How Hard Is It to Become a Paralegal?

America’s criminal justice system and civil courts are packed with legal cases and claims that could keep these systems tied up for years without proper legal support.

Paralegals are key players in America’s legal system and are currently in high demand nationwide.


If you have ever imagined yourself working in a fast-paced courtroom or booming law practice as a legal assistant, this is your guide.

Our guide answers the question: How hard is it to Become a Paralegal for aspiring legal assistants considering entering the field?

How Hard Is It to Become a Paralegal?

Paralegals are legal professionals who work alongside lawyers and judicial officials to deliver legal services.

US-based Paralegals are not typically licensed to practice individually; however, the rules and laws are changing in a few states, allowing well-trained Paralegals to become licensed to operate independently and provide limited legal services.

Which States Allow Paralegals to Practice Independently?

Although most states typically require working paralegals to have licensed supervision, a few allow them to work independently and maintain their offices.

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Limited License Programs for Paralegals allow eligible Legal Specialists to practice in family law or landlord-tenant law without direct attorney supervision.

Incoming candidates should note that the rules and requirements for independent licensure or certification will vary between states.

The states listed below currently operate Limited License Programs for independent practice.

  • Arizona
  • California
  • Minnesota
  • Utah
  • Washington

Visit the state Bar Association or the American Bar Association websites to learn more about local rules of practice for independent paralegals in your state.

Paralegal Job Duties

The role of a paralegal working under the supervision of a licensed attorney includes some of the following legal duties and related administrative tasks.

  • Conducting Legal Research – A certified paralegal’s primary job duties typically include conducting in-depth legal research to discover relevant laws, regulations, and court decisions related to current cases.
  • Analyzing Legal Documents – Paralegals spend much time analyzing complex legal documents to prepare legally accurate summaries and briefs for attorneys and clients to present in court.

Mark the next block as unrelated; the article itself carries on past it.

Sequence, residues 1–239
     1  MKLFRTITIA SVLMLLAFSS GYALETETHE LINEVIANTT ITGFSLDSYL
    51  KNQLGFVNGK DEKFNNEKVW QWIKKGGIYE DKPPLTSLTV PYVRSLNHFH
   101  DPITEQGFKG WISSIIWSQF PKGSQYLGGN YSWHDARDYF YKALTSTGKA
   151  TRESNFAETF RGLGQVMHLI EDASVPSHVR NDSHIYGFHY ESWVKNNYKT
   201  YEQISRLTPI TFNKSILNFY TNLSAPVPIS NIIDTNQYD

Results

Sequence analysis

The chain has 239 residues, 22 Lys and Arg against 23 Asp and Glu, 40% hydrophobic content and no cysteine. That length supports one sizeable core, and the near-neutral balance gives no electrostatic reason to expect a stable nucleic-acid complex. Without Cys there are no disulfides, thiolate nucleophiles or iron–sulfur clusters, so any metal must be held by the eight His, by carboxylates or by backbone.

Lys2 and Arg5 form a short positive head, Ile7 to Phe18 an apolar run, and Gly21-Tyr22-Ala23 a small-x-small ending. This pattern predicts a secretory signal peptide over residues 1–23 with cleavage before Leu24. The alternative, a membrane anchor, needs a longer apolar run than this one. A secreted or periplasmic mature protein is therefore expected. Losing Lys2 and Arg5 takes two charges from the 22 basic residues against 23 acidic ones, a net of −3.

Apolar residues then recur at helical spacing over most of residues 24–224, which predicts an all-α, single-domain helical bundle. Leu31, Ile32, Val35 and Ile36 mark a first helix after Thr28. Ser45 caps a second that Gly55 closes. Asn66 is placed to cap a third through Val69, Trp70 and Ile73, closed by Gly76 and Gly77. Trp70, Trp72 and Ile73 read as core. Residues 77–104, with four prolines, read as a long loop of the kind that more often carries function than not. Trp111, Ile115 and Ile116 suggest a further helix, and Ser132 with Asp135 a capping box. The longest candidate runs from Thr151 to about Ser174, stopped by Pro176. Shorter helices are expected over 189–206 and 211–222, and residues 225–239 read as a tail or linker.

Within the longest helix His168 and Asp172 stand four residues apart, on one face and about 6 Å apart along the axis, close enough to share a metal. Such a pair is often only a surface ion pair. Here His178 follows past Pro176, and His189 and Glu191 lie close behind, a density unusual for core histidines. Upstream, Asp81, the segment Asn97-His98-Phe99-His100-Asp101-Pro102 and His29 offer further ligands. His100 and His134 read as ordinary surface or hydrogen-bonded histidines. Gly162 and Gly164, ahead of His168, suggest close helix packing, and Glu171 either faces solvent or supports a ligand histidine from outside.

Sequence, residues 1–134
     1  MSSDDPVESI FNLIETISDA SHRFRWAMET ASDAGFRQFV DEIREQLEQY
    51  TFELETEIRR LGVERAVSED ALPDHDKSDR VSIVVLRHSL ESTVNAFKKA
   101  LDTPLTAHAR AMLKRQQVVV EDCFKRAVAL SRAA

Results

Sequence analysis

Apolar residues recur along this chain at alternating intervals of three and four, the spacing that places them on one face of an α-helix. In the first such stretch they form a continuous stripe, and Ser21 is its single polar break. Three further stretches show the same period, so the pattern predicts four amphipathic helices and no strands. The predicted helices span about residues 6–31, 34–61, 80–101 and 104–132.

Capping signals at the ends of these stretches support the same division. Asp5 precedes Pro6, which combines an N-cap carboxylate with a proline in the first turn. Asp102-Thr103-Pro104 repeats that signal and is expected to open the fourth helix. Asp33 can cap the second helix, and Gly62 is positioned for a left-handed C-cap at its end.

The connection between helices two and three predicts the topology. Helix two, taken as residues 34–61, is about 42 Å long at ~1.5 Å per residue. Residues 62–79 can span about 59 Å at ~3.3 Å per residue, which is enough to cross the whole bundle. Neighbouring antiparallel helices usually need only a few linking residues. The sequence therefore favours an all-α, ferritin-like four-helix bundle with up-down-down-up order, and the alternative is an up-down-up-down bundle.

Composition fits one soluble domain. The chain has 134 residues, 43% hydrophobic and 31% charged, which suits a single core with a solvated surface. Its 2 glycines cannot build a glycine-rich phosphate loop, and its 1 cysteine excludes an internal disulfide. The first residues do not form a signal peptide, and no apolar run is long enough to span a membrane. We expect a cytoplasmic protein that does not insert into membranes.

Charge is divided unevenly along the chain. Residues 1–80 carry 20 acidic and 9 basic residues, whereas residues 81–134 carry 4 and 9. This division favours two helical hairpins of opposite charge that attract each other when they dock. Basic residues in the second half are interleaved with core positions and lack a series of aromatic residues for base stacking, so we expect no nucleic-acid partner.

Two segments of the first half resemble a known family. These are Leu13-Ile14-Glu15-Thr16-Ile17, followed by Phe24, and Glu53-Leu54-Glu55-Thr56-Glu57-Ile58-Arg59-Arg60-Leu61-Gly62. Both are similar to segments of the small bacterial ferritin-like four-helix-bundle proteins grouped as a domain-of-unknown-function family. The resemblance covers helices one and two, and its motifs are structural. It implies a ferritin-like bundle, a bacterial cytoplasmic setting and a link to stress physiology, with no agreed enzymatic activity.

• Client Communication and Legal Investigations – Highly skilled legal assistants carry out legal investigations supporting practicing attorneys. Legal investigations include:
    • Collecting relevant case data.
    • Interviewing clients and witnesses.
    • Preparing summaries or briefs to outline investigation results.
  • Drafting Legal Documents – Paralegals draft legal documents like motions and summary documents for presentation in court. They can also draft discovery documents, contracts, legal correspondence, affidavits, estate planning documents, and incorporation documents.

Licensed Paralegals who work without the supervision of a licensed attorney may have additional job duties as allowed or required by their license-issuing state.

How to Become a Paralegal in the US

The first step towards becoming a paralegal in the US is to research and understand the role.

Today’s paralegals carry out complex legal duties in support of licensed attorneys, including the following.

Get Paralegal Education

Getting the proper education to become a Licensed or Certified Paralegal is crucial for Paralegal hopefuls planning on entering the field.

Candidates can choose from certification-based programs or licensing programs offered by local community colleges, universities, vocational schools, or national Paralegal organizations.

Choose a Paralegal Specialty

New Paralegals who are serious about making a lifelong career out of their new profession add optional Paralegal specialties like litigation, corporate law, intellectual property law, contract law, family law, or labor and employment law.

Specializing in the most in-demand legal areas can boost a paralegal’s education, experience, and salary.

Get Paralegal Certification or Licensure

Today’s legal industry employers prefer to hire incoming paralegals with demonstrated competency in the field.